The fear factor has been reduced considerably with support and excellent instruction from the CTLT staff. Change and technological innovation continues to take place—at a rapid pace—so a healthy amount of fear, if you will, remains. I know, however, that should questions or problems arise, the CTLT is there to provide answers. One thing I’ve come to appreciate about them is that, in addition to their technical expertise, they are good—and very patient--teachers too!
Mixing It Up
Perhaps my first reaction years ago to the suggestion that I –or anyone else--might some day teach totally online, was: “What, are you kidding? What about that face-to-face experience? What about eye contact? What about the millennia-old methods, and the dynamic of people being together, engaging in the process of education, in the same place at the same time?”
And how could I possibly duplicate online, for example, the heated debates (which never seem to go away) that invariably accompany the subject of the Vietnam War, a course about which I have been teaching for many years? Can such things take place online as well?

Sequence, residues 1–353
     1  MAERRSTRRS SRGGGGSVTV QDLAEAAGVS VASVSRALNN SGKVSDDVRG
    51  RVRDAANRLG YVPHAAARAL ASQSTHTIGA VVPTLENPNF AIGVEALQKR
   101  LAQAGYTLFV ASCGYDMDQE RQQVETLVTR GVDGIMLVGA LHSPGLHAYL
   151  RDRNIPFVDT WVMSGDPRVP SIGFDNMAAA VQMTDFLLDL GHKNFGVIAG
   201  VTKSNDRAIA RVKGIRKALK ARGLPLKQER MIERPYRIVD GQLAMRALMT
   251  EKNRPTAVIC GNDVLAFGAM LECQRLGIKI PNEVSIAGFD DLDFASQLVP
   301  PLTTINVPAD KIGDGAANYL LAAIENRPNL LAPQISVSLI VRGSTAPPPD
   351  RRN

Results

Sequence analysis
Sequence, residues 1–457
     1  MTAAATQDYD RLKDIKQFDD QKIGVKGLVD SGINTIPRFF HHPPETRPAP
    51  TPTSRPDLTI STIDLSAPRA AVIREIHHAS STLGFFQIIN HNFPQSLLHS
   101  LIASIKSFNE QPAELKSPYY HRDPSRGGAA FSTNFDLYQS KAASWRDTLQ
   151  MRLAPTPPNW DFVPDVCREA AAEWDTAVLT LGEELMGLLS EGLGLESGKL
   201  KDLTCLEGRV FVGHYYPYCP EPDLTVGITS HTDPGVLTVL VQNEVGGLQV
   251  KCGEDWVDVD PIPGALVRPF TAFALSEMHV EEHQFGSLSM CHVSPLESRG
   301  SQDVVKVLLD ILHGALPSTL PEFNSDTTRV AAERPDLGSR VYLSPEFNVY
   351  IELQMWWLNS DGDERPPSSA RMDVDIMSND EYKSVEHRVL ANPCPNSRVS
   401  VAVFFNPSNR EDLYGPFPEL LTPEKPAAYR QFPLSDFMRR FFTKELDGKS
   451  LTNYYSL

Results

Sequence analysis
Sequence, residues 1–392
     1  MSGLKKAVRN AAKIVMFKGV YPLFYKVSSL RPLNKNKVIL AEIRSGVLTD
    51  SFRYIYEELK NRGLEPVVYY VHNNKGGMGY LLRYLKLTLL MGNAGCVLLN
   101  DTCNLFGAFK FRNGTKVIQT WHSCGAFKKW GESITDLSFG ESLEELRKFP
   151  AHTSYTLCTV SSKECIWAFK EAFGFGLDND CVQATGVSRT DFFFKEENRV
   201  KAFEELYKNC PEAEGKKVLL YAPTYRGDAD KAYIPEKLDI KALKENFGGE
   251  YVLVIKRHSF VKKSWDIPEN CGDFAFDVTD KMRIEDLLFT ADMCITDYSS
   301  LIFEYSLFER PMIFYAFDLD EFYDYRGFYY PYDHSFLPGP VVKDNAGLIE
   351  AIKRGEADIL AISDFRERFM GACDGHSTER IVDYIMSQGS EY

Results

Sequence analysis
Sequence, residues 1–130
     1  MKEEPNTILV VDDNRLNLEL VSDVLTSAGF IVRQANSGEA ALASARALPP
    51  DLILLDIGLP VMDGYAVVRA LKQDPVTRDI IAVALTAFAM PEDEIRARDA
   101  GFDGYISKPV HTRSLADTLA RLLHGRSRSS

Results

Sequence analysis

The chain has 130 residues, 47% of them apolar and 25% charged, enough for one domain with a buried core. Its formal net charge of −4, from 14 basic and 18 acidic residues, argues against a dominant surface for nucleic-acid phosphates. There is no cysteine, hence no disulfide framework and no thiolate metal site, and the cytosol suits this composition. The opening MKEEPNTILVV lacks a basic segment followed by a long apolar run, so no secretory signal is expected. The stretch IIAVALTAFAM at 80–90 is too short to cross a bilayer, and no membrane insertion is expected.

Believe me, they do. The emotions, passions—the ideological and philosophical divisions—transcend the change in venue. They easily make the transition to cyberspace, finding their way (and spoken now by the sons and daughters of those who lived through the tumultuous sixties) into the discussion board online. I needn’t have worried about that.
In the classroom, a guest speaker has always lent an element of realness to the course. How, you might ask, can that be duplicated online? My combat medic friend Marc, who always added that special element, that realness from having been there, to the traditional classroom experience—has also joined the class in cyberspace, quite effectively. For three days, at whichever hours he chose, and without having to leave his living room in Gloucester, Massachusetts, he did his thing, sharing his experiences, his poetry, and responding to the usual comments and questions. And, as usual, when it came time to assess the class, his “visit” stood out as a memorable highlight, one which I know the students will remember for a long time to come, much as before in that other format.